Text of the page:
Kazakh and Chilean Energy Solutions Have a Politics Problem
(Bloomberg Opinion) -- Two of the most important and low-cost chemical elements in the world’s transition to zero-carbon energy are running into the mining sector’s evergreen problem: Political risk.
Unrest in Kazakhstan and regulatory uncertainty in Chile have already affected the prices of uranium and lithium, which are both extracted using elements dissolved in liquids evaporated from groundwater or pumped into the rock. That’s often better value than the more energetic blast-and-grind methods used in hard-rock mining, and as a result the places where it’s viable have traditionally dominated output.
Kazakhstan, where acid and soda is piped down into uranium-rich rock to bring up the mineral in a technique similar to fracking for oil, produces about 41% of the world’s mined atomic fuel. In the arid salt flats of South America, brines are pumped into shallow ponds where evaporation leaves behind a lithium-rich residue. As recently as 2016, Chile and Argentina together accounted for about 53% of that crucial battery material.
Production techniques aren’t the only thing that determines the viability of a mining project. Unpredictable government policies are a perennial issue for resources companies, and one that can cancel out the advantages of favorable geology and processing technologies. There’s a reason that Afghanistan’s lithium reserves, by some estimates the world’s largest, remain locked underground. Should Kazakhstan’s political crisis drag on, that may lead to instability in uranium prices similar to what we’ve seen in recent years with lithium. Backed by Russian-led troops, Kazakh forces are trying to restore control after crushing the biggest protests in decades.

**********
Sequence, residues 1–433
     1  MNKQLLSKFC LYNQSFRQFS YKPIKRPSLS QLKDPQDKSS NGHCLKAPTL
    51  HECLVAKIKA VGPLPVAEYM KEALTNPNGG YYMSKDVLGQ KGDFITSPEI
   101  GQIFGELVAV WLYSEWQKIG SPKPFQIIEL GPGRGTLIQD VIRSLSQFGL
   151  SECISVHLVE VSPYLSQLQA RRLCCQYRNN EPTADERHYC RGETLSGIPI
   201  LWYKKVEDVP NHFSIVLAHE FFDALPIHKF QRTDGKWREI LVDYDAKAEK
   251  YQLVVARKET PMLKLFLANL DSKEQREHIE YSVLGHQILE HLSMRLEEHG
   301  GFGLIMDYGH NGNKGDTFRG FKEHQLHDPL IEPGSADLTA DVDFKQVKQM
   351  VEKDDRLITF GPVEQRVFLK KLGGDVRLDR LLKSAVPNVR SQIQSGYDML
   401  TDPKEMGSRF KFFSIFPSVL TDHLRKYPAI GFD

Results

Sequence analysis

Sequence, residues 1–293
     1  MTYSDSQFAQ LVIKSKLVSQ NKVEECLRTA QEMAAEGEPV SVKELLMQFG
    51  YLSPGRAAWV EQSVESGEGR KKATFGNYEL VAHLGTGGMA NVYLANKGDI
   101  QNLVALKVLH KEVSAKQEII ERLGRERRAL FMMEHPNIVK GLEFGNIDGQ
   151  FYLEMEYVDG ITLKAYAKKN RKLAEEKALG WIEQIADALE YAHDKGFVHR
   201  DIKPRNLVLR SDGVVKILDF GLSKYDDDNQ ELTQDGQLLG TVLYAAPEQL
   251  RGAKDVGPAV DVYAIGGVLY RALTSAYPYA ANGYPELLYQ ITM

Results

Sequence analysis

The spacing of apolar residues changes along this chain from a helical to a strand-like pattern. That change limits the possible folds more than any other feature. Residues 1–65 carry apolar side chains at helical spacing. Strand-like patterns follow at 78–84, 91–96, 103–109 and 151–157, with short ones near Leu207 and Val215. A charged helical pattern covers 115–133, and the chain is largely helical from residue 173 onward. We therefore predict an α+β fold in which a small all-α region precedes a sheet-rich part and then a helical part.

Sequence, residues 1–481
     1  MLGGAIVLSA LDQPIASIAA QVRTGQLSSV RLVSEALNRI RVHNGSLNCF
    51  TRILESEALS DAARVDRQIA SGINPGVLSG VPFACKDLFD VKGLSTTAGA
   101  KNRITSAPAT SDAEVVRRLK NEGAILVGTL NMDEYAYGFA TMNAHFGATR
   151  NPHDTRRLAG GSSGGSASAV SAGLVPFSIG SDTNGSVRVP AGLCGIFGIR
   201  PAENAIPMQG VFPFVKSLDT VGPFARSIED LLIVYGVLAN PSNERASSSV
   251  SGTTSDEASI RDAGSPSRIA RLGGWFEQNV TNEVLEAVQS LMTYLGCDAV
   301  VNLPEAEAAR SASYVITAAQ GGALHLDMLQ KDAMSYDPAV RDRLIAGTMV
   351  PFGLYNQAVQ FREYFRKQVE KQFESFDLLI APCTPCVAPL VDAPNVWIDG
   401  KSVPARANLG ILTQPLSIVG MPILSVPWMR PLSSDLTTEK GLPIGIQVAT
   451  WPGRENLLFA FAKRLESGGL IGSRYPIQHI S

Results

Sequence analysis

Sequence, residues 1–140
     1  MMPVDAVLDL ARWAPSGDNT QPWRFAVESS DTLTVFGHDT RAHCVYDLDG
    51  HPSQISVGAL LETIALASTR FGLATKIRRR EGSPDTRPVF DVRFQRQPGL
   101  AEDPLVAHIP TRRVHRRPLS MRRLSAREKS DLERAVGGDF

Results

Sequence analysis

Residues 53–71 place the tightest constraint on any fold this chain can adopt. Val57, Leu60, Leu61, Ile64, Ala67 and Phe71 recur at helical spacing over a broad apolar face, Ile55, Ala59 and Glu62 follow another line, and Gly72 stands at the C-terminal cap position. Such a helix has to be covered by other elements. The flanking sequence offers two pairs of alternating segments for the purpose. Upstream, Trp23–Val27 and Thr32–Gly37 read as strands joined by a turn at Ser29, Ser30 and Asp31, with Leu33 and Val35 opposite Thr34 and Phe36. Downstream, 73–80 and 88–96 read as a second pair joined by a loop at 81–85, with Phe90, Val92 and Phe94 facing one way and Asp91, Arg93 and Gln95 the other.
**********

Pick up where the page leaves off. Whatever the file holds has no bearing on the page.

Consider a fortunate miner operating in a world free of politics. Its decision on hunting down uranium or lithium is a simple one: Go wherever you’ll get the best returns. In Latin America, production costs for lithium carbonate are in the region of $2,000 to $3,000 a metric ton before royalty payments, according to Morgan Stanley, compared to $6,000 to $12,000 a ton in Australia and China. That should make lithium mining in the altiplano far more profitable than elsewhere in the world.
That’s not what happens, however. Indeed, the largest lithium deposits of all may well be in Bolivia, a country that now barely produces the element and where precise measurements don’t exist, thanks in part to laws nationalizing mining. Instead, more marginal producers have taken the lion’s share of new output.
Thanks to booming demand from electric vehicles and utility-scale batteries, the world produced more than two-and-a-half times as much lithium in 2020 as it did in 2015, but half of that increase came from Australia, with another quarter from China. Argentina and Chile together accounted for just a fifth of the additional output.